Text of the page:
4. The uproar in Chapter 12 is sparked by crime and fueled by fear. The suggested solutions to the crime problem are often poorly thought-out or unrealistic. If you had a voice in this debate, what would you recommend be done in relation to the crime problem? Why do you think this recommendation is appropriate?
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I would bring in a completely non-biased coalition of outsiders to sit down and squash this debate and make recommendations that have without doubt historically worked elsewhere............ have them make a plan and implement it. Apartheid was not the answer.
"Alan Paton uses the first section of this chapter to discuss the problems of South Africa through the description of a conference in which these problems are discussed. Several of these problems are only peripheral to the actual conflicts of the novel. The most obvious of these dilemmas is the one of apartheid, which had not been instituted at the time of the novel's publication but was obviously discussed. However, Paton discusses these problems from a purely white perspective, most significantly in the case of native crime. There is no discussion of crime against the natives, only concerns over the status and safety of whites.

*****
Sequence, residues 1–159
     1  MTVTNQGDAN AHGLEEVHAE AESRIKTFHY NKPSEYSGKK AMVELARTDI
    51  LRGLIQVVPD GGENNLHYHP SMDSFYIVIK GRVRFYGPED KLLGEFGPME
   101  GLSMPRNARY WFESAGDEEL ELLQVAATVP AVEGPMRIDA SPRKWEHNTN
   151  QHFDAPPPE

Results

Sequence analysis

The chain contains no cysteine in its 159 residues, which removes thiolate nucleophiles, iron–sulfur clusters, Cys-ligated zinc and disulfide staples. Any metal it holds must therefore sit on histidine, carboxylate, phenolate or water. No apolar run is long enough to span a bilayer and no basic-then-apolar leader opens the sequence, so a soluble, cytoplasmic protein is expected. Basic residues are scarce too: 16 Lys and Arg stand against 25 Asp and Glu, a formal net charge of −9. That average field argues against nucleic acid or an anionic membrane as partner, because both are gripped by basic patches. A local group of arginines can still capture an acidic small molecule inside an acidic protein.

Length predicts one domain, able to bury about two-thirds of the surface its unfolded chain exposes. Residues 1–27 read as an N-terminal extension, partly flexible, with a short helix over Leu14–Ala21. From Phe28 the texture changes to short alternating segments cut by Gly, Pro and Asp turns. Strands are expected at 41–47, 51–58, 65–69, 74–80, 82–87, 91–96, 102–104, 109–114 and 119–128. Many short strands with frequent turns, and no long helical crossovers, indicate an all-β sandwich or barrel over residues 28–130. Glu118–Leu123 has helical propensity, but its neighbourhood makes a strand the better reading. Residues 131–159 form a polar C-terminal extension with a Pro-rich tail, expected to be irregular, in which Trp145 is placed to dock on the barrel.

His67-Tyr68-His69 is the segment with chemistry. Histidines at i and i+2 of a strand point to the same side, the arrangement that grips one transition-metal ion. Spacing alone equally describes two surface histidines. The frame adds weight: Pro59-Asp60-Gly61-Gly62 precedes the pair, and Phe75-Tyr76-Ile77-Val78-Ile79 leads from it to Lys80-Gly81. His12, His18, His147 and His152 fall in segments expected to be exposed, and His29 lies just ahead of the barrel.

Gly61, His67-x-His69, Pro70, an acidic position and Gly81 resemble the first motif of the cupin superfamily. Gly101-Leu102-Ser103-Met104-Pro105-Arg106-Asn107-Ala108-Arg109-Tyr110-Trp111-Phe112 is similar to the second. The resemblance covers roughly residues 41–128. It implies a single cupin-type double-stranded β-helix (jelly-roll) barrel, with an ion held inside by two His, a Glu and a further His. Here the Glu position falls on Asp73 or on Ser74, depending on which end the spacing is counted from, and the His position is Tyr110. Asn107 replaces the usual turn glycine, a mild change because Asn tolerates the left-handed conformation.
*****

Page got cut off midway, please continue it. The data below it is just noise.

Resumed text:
Paton continues to suggest the fate of Absalom in this chapter, in which Kumalo learns that the police have been searching for Absalom as well. This greater implies a connection between the murder of Arthur Jarvis and the location of Absalom. Absalom's culpability in the murder of Arthur Jarvis is certainly consistent with his behavior and the reason why the young man is so elusive; he is not merely a transient, but instead is hiding in order to escape the authorities."
Cry, the Beloved Country